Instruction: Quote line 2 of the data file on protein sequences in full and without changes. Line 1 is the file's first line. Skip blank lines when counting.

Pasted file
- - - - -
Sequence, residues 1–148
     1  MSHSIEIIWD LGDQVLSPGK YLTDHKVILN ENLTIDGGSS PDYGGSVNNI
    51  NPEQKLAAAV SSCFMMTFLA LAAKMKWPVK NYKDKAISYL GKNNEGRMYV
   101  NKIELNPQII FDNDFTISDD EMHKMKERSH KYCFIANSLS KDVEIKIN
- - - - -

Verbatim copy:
     1  MSHSIEIIWD LGDQVLSPGK YLTDHKVILN ENLTIDGGSS PDYGGSVNNI